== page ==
But no state regulations govern well construction, location, or testing of private water supplies, says Bryan Swistock, senior extension associate who oversees the Water Quality Extension program. Pennsylvania and Alaska are the only two states without any rules involving private water supplies.

Often, people don’t realize they have a problem, says Swistock, until, like Johns, they have been sick and start looking for answers. Or, sometimes people are sick and blame food poisoning or a stomach flu, never realizing the problem was their well water.

Water workshop in Tunkhannock, Pa. (photo by Steve Williams)Almost 100 people turned out in Tunkhannock, Pennsylvania, to hear Bryan Swistock explain how well owners living near natural gas drilling sites should take steps to monitor their drinking water.

“Some problems are obvious,” says Swistock. “If you have iron in your water, you know you have iron. You see it and taste it. If your water is hard, you know it and you see it. But, many of these obvious problems don’t cause you any harm. The water problems that can affect your health usually aren’t apparent. The water may look, smell, and taste good yet be unsafe to drink. That’s when water testing becomes important.”

Penn State Cooperative Extension has been working to ensure that people with private water sources have clean, safe drinking water since the early 1980s, when then College of Agriculture faculty member Bill Sharpe identified the need for education. He helped spearhead extension’s first safe drinking water clinic in 1984. “Bill Sharpe understood how important private water supplies are in Pennsylvania and his early research and education really laid the groundwork for everything that we do today,” added Swistock.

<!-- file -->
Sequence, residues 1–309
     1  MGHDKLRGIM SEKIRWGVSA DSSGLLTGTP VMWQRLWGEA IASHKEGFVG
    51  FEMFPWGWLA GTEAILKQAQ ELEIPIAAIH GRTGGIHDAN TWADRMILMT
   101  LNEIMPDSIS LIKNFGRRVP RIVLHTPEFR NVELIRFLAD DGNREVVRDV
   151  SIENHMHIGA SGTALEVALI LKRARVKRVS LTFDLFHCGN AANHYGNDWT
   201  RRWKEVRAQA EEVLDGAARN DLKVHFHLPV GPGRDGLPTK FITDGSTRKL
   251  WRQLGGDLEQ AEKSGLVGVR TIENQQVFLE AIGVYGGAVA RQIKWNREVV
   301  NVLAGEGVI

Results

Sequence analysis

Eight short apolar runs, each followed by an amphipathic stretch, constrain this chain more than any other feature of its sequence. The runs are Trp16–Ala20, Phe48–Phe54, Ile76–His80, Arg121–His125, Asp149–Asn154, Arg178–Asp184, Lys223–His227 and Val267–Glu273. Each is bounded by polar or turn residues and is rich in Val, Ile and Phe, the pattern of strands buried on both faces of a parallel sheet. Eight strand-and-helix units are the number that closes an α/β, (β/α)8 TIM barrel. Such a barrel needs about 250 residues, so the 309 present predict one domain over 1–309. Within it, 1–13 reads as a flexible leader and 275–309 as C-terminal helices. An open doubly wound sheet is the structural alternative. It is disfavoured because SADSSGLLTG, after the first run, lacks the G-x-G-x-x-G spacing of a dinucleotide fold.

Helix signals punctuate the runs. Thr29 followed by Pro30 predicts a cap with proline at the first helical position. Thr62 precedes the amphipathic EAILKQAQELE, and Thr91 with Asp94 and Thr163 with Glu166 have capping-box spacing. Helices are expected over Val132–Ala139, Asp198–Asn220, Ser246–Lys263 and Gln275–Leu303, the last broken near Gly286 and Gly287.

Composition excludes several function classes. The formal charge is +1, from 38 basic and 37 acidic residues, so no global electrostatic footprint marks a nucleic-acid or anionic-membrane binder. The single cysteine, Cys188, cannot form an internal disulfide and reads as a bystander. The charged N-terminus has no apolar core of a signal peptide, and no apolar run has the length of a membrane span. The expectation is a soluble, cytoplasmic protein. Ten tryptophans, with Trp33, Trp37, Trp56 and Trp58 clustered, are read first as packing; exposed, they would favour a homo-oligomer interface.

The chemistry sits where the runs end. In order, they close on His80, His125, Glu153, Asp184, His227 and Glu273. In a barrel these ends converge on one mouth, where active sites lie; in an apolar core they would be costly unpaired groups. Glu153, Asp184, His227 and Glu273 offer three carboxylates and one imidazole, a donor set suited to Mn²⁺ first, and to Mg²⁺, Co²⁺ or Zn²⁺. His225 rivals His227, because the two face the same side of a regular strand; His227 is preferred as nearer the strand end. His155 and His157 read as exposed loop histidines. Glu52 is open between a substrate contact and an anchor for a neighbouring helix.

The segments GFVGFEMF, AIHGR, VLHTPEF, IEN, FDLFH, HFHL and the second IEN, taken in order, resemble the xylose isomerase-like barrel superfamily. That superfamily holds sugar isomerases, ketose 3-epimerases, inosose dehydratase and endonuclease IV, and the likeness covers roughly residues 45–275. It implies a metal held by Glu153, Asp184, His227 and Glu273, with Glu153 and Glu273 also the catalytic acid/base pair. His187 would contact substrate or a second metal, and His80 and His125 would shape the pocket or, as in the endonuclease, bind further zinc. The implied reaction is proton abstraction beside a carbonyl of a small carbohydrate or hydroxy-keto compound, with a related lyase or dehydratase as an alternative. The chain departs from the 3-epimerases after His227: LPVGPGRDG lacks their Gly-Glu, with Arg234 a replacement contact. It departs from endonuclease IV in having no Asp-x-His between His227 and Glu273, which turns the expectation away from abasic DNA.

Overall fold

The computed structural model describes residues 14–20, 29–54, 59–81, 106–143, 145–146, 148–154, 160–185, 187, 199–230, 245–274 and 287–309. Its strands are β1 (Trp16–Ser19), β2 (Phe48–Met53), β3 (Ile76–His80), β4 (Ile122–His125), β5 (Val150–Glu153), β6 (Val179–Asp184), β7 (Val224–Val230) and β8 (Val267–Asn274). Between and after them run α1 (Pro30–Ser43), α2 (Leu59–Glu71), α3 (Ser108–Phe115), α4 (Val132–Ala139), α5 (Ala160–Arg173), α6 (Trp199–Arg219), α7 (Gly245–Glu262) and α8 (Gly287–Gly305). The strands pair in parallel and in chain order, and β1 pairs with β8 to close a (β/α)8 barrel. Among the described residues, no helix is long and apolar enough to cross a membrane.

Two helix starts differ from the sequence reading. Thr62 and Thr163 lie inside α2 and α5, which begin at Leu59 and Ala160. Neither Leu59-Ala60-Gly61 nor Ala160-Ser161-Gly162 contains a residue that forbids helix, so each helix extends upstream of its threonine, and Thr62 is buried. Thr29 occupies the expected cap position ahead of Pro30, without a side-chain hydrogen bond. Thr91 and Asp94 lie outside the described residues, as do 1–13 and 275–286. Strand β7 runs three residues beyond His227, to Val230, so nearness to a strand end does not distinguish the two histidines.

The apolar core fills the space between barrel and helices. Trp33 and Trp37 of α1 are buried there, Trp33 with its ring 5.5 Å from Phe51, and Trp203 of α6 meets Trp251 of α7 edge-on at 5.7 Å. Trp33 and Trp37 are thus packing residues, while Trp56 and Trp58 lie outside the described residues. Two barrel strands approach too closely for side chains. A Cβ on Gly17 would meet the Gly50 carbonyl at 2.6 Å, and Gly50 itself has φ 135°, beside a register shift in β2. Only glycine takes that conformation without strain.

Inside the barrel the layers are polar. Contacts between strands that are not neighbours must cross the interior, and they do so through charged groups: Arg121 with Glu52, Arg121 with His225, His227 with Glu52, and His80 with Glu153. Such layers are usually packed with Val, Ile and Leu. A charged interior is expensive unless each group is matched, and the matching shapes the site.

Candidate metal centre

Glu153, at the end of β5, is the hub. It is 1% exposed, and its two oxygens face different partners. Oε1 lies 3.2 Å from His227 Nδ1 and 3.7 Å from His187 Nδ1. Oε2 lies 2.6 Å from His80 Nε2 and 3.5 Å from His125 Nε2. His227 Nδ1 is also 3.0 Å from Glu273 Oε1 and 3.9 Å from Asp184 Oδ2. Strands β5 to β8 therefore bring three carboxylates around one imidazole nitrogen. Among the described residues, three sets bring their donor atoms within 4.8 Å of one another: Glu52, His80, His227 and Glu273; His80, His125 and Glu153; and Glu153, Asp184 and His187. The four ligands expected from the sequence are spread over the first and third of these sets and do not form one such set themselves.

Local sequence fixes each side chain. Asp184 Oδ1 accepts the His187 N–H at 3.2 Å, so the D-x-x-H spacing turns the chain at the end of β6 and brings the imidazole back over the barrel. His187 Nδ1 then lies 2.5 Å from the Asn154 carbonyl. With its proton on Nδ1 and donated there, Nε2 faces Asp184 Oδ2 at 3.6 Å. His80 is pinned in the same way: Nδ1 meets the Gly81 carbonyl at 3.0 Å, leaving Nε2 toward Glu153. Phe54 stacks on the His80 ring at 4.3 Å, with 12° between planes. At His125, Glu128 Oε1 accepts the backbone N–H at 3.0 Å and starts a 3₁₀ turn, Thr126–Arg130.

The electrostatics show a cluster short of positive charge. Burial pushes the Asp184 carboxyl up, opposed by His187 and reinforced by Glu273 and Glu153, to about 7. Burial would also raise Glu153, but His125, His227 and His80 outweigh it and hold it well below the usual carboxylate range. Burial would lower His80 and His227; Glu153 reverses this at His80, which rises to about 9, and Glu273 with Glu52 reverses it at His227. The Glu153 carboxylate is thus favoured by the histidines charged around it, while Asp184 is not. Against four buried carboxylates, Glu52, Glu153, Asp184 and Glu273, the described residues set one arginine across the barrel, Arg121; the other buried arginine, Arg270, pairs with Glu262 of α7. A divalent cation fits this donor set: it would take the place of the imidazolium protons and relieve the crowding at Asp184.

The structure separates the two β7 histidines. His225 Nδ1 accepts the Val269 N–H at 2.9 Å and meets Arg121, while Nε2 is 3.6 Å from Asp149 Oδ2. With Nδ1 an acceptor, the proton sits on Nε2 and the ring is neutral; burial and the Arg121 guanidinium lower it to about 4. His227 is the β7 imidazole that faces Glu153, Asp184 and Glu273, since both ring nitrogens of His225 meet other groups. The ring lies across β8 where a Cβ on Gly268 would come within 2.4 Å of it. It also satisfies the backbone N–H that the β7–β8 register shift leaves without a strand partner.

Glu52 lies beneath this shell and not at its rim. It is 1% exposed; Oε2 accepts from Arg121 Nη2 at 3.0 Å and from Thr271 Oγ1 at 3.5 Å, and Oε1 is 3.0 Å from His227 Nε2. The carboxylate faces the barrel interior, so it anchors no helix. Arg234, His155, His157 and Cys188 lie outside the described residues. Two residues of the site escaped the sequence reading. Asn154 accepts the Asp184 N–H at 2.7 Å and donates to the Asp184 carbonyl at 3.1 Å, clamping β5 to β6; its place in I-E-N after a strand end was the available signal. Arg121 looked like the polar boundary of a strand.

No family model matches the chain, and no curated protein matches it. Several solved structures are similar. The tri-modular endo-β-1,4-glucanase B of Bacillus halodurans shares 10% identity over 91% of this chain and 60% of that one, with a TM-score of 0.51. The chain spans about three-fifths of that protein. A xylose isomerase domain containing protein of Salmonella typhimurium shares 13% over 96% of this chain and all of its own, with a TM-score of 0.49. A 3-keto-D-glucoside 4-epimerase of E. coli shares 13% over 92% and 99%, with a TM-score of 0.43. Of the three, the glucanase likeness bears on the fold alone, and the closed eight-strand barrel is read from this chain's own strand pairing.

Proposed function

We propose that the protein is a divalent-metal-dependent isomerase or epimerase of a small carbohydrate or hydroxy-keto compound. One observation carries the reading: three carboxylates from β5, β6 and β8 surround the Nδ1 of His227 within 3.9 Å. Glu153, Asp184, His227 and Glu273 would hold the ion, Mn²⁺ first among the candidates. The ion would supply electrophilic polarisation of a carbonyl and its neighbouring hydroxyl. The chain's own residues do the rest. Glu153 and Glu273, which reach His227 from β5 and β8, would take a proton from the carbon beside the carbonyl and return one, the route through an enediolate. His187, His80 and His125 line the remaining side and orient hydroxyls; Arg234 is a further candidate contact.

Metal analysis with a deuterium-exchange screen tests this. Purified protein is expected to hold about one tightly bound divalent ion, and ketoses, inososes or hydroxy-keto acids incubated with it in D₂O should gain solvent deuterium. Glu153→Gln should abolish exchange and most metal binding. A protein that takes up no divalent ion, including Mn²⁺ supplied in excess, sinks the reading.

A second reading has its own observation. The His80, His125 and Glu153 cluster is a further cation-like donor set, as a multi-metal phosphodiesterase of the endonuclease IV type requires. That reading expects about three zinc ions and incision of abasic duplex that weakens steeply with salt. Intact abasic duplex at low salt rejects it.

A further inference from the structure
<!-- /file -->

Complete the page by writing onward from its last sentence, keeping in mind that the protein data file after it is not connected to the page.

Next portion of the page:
Now, water quality extension specialists and educators like Swistock and McCarty educate private well owners with publications, fact sheets, in-person workshops, webinars, volunteers, and one-on-one troubleshooting.

In 2004, Sharpe and Swistock secured funding to create the Master Well Owner Network, a network of 400 volunteers patterned after the Master Gardener program. The well-trained, private-well-savvy volunteers serve as “boots on the ground” to help create awareness of basic private water management issues in their respective communities. “Once they learn about their own situation, they want to teach others,” says Swistock. In the past six years, the Master Well Owners have educated about 30,000 people—many more than had turned out at workshops over the drinking water program’s first 15 years.

Shouting Guidance into the Wind—Until Marcellus Drilling Boom
Penn State recommends an annual water test for coliform bacteria and a test for pH, total dissolved solids, and any local pollutants every three years. Kits for the state-accredited water testing lab at Penn State are available at most county extension offices.